The Telus Sky tower creates a lively mixture of living and working spaces in the heart of Calgary city center. Situated at the intersection of light rail and arterial roads, the 60-story mixed-use tower is designed to seamlessly accommodate the transformation from working to living as the tower takes off from the ground to reach the sky. 

Downtown Calgary has developed as a typical North American city center with a cluster of corporate towers surrounded by a periphery of low-density suburban homes. The car is an essential part of everyday life moving people in and out of the city, with the programmatic uniformity of the downtown leaving the area empty at night as people return home. By stacking the homes on an office tower, Telus Sky generates a programmatically diversified building with activity throughout the day. 

By remaining faithful to the orthogonality of the ground floor, the diagonal shift creates a pixelation of the façade, forming terraces and balconies for the residences. The smooth transition from the ideal floor plate of the office to the optimal floor plate of the residences, generates an elegantly curving silhouette. A network of skybridges enters where the building meets the neighboring building, an existing switching station. A vertical canyon expands the semipublic network upwards. The tiles on the wall of the adjacent façade seem to melt and peel open as pockets for plants. 

Above the main entrance, the pixels of the façade extend beyond the site limits, creating a series of canopies, terraces and lounges interwoven across the corner. At night, a 160,000 sq ft art installation ‘Northern Lights’ by Douglas Coupland lights up the north and south façades of the tower making it the largest public art piece in Calgary.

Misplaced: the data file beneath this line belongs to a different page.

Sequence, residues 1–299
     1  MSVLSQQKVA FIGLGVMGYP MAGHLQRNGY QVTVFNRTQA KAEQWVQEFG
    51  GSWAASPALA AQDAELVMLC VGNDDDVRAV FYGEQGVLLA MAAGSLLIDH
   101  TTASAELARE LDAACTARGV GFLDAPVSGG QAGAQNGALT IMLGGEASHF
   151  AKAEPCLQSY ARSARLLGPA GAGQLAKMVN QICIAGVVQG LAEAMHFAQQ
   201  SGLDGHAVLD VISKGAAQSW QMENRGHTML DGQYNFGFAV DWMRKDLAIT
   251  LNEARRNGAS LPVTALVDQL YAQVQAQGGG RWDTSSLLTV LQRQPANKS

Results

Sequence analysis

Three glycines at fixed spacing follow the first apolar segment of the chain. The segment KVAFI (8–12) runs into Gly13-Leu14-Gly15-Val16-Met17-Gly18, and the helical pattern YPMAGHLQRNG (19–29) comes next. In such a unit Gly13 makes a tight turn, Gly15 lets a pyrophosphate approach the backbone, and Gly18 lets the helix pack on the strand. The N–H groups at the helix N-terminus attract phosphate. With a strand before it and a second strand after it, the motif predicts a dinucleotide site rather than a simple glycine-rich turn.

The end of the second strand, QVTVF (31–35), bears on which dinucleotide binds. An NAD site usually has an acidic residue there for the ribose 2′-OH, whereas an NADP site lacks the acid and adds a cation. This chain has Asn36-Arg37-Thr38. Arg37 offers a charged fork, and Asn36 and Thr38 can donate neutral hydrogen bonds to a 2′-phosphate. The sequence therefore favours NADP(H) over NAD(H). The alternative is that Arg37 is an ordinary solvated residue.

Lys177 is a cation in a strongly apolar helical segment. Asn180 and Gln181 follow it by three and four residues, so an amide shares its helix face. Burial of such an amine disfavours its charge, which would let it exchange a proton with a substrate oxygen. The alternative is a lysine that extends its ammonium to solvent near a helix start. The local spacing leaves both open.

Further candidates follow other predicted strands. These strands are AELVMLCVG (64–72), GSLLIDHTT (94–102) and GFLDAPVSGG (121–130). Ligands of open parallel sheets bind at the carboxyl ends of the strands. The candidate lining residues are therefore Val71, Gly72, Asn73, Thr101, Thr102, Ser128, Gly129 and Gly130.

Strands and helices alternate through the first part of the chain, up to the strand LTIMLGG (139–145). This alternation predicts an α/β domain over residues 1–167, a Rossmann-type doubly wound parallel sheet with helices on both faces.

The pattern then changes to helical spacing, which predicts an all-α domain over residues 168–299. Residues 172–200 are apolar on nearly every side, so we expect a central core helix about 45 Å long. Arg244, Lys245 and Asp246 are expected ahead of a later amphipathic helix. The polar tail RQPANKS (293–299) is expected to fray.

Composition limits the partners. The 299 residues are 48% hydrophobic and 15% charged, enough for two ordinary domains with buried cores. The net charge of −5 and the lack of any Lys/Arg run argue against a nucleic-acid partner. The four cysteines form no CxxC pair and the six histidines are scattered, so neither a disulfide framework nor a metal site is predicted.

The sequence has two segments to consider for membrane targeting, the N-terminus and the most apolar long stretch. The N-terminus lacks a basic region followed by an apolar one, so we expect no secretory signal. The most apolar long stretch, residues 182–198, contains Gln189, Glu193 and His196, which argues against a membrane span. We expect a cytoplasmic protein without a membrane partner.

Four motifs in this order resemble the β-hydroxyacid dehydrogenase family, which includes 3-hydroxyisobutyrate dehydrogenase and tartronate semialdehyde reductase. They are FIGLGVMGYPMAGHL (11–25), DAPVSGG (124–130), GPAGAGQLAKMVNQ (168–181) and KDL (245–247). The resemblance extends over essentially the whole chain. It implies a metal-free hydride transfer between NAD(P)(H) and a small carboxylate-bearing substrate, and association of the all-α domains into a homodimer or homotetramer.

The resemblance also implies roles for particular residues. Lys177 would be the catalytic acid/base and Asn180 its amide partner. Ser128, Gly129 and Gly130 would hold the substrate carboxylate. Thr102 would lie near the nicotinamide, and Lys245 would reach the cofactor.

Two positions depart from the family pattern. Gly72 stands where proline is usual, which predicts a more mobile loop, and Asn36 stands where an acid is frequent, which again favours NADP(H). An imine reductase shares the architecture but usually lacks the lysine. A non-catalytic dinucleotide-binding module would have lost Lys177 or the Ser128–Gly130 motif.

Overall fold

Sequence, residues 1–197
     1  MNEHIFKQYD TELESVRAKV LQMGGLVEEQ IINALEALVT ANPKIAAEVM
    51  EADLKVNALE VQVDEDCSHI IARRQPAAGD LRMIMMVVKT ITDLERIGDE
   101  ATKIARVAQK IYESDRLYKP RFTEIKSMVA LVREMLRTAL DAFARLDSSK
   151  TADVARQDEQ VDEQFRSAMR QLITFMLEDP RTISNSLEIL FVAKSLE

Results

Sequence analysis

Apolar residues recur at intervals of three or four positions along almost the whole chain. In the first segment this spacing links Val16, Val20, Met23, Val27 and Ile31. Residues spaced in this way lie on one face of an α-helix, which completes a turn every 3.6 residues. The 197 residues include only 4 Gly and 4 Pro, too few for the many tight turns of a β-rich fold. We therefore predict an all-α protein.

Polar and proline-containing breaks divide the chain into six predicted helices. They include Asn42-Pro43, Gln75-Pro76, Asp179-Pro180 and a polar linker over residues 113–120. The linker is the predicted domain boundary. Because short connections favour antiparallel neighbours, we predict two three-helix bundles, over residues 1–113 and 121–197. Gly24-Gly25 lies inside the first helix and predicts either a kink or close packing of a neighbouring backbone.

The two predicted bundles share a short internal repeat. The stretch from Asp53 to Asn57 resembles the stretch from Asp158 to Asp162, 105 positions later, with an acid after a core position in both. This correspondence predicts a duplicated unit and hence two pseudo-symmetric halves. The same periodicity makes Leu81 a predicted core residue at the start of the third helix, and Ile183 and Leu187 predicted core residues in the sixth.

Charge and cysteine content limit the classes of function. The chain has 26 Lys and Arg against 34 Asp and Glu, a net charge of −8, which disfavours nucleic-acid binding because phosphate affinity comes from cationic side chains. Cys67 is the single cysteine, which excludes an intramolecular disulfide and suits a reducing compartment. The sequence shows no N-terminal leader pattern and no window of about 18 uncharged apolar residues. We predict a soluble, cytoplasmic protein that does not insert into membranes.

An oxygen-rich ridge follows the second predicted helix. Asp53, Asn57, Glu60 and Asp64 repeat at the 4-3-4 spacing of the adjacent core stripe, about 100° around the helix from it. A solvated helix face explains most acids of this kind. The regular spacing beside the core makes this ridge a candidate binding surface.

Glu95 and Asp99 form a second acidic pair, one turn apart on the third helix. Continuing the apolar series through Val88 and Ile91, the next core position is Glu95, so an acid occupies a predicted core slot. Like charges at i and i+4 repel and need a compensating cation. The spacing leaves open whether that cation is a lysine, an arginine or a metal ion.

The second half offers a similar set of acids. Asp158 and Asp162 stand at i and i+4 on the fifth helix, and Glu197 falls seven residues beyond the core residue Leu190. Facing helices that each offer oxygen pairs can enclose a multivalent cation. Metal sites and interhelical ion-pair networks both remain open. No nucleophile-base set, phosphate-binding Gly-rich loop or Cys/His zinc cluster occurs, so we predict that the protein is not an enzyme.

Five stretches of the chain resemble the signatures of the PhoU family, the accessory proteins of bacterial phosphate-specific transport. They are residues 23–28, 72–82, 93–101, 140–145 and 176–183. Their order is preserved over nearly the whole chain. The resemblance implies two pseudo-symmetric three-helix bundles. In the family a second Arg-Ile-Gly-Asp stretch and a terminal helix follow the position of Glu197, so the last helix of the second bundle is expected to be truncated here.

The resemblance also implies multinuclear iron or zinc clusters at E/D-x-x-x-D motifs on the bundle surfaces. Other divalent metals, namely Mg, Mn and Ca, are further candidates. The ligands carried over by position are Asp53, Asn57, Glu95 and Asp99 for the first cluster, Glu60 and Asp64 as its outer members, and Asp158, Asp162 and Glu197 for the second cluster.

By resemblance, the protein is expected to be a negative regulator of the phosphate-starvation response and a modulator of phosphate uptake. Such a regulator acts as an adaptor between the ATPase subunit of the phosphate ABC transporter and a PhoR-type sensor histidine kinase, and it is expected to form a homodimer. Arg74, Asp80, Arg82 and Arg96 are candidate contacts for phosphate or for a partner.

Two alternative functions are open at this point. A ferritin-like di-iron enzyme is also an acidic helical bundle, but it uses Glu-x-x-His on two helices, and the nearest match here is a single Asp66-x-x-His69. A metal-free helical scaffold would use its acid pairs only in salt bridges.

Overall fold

Underscoring the functional design of the building, it was critical for Westbank and the city for Telus Sky to provide holistic benefits for its inhabitants, including: the highest levels of natural light, optimized energy efficiency, reduced water consumption, locally sourced materials, and access to transit. A LEED Platinum building, TELUS Sky provides 100% fresh indoor air supply and the highest levels of natural light in the Calgary market; consumes less water and other resources than comparable towers; and in its construction and operation, sourced materials locally. Respite from the urban environment of downtown can be found via the rooftop garden as well as vegetated terraces on the 4th, 5th, and 6th levels. 

“Telus Sky is designed to seamlessly accommodate the transition from working to living as the tower takes off from the ground to reach the sky. The base and lower floors of the mixed-use tower are clean and rectangular, resulting in large efficient layouts for workspace. As the building rises, the floor plates gradually reduce in size, stepping back to provide slender residential floor plates with nested balconies. In a similar fashion, the texture of the façade evolves from smooth glass at the base of the building to a three-dimensional composition of protrusions and recesses. The resultant form expresses the unification of the two programs in a single gesture—rational straight lines composed to form a feminine silhouette. Surrounded by blocky skyscrapers occupied by petroleum companies, Telus stands like a lady in a cluster of cowboys.” Bjarke Ingels, Founding Partner and Creative Director, BIG.  

Additional information: 

A storm water management system recycles rainwater for use in washroom toilets and urinals, reducing the building’s municipal water demand by 70 per cent. 

A thermal energy system designed to efficiently transport hot water through an underground network of insulated pipes across the city, resulting in a 30 per cent reduction in heating energy demand. 

100 per cent fresh air ventilation with operable windows and exterior terraces – even on office floors. 

Windows designed with robust envelope and triple-pane glazing to decrease solar transmission and promote greater shading within the building, contributing to a 35 per cent reduction in building energy use compared to similar size developments. 

A living green wall in the 11-storey atrium to improve air quality and provide occupants and visitors with a connection to natural elements. 

Comprehensive fitness facilities including a wellness center with a yoga and barre room, on-site secure bicycle storage, and electric vehicle charging stations. 

source: BIG